But restaurant leaders in particular pressed legislators not to take away the ability to offer flexible scheduling in an industry to which they said people are attracted by the opportunities to swap shifts for reasons ranging from attending parent-teacher conferences to snagging last-minute concert tickets. The Common Sense Institute estimated that the cost of compliance for companies that need to call in workers to cover for sick colleagues or send staff home early in the event of a snowstorm could reach as much as $1 million annually, and a group of 641 servers and bussers sent a letter this week saying such changes would hurt them.

Workers Versus Employers?

Sirota indicated in closing remarks Thursday that several Democrats said they would vote for the bill only if she removed restaurants from its regulations, and she said she was not willing to have employees in that industry treated differently than other service workers. Instead, she and Gonzales-Gutierrez challenged committee members to side with workers over corporate groups that they said were able to hire lobbyists that hourly workers couldn’t afford.

But Democratic Reps. William Lindstedt of Broomfield and Naquetta Ricks of Aurora both said their issue was with the harm the bill could do specifically to restaurants that suffered significant financial losses in the first year-and-a-half of the pandemic and continue to struggle with rising costs and labor shortages. And committee chairwoman Rep. Judy Amabile, D-Boulder, said it was not the work of lobbyists that swayed her but the experience of operating a business for 25 years and understanding the damage that such a one-size-fits-all policy could do both to companies and the workers who rely on them for paychecks.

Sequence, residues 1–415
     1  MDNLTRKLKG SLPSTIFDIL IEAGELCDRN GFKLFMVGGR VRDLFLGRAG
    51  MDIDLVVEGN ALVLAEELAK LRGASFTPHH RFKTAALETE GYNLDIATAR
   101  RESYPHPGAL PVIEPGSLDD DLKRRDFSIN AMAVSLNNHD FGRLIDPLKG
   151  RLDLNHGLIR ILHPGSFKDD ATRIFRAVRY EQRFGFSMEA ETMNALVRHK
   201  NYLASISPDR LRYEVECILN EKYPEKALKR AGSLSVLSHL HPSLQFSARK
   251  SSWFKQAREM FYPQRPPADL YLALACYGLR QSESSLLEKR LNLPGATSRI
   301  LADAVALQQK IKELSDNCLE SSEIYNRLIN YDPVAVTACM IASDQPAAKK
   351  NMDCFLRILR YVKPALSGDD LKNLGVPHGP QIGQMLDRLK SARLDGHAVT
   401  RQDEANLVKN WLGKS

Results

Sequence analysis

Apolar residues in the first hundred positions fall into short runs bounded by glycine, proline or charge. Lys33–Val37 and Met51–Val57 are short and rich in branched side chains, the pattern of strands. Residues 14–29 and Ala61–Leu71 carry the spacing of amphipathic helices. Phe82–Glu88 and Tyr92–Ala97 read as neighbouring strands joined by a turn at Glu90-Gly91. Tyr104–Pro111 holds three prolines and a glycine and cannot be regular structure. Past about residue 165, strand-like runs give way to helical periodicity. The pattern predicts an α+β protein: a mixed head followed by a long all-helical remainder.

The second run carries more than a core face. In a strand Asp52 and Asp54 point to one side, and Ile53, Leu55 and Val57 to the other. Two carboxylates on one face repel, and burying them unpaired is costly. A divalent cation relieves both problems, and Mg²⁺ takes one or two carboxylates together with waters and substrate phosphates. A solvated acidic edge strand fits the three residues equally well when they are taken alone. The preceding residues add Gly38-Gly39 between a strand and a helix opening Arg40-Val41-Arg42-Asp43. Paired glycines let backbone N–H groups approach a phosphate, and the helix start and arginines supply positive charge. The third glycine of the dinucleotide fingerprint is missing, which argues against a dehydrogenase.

“When I read this bill, it made me worried that there were unintended consequences, especially to people who we’re trying to help — and that along the way we may do some damage to the restaurant industry that is still recovering,” said Amabile, who joined Lindstedt, Ricks, Democratic Rep. Lindsey Daugherty of Arvada and all committee Republicans in voting it down. “I came to that conclusion on my own. This isn’t a policy I can support right now.”